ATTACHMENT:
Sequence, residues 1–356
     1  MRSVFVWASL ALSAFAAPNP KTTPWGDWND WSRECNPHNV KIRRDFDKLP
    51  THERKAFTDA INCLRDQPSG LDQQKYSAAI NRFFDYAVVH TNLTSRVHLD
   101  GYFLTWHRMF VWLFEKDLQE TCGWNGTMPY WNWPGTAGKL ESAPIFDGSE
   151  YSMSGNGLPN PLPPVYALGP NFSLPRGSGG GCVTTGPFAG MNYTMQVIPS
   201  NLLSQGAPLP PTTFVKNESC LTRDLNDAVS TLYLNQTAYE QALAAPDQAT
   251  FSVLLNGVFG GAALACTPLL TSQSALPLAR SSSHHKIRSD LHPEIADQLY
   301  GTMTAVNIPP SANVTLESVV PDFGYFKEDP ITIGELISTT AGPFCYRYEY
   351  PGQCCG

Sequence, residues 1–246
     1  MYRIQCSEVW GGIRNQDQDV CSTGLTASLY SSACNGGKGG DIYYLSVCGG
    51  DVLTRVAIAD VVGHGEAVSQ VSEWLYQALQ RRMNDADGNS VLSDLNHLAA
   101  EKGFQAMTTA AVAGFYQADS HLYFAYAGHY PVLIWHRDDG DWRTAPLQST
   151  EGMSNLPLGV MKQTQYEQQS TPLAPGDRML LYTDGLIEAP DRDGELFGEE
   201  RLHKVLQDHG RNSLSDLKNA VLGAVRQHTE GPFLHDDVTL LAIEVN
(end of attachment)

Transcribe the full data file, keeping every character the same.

Sequence, residues 1–356
     1  MRSVFVWASL ALSAFAAPNP KTTPWGDWND WSRECNPHNV KIRRDFDKLP
    51  THERKAFTDA INCLRDQPSG LDQQKYSAAI NRFFDYAVVH TNLTSRVHLD
   101  GYFLTWHRMF VWLFEKDLQE TCGWNGTMPY WNWPGTAGKL ESAPIFDGSE
   151  YSMSGNGLPN PLPPVYALGP NFSLPRGSGG GCVTTGPFAG MNYTMQVIPS
   201  NLLSQGAPLP PTTFVKNESC LTRDLNDAVS TLYLNQTAYE QALAAPDQAT
   251  FSVLLNGVFG GAALACTPLL TSQSALPLAR SSSHHKIRSD LHPEIADQLY
   301  GTMTAVNIPP SANVTLESVV PDFGYFKEDP ITIGELISTT AGPFCYRYEY
   351  PGQCCG

Sequence, residues 1–246
     1  MYRIQCSEVW GGIRNQDQDV CSTGLTASLY SSACNGGKGG DIYYLSVCGG
    51  DVLTRVAIAD VVGHGEAVSQ VSEWLYQALQ RRMNDADGNS VLSDLNHLAA
   101  EKGFQAMTTA AVAGFYQADS HLYFAYAGHY PVLIWHRDDG DWRTAPLQST
   151  EGMSNLPLGV MKQTQYEQQS TPLAPGDRML LYTDGLIEAP DRDGELFGEE
   201  RLHKVLQDHG RNSLSDLKNA VLGAVRQHTE GPFLHDDVTL LAIEVN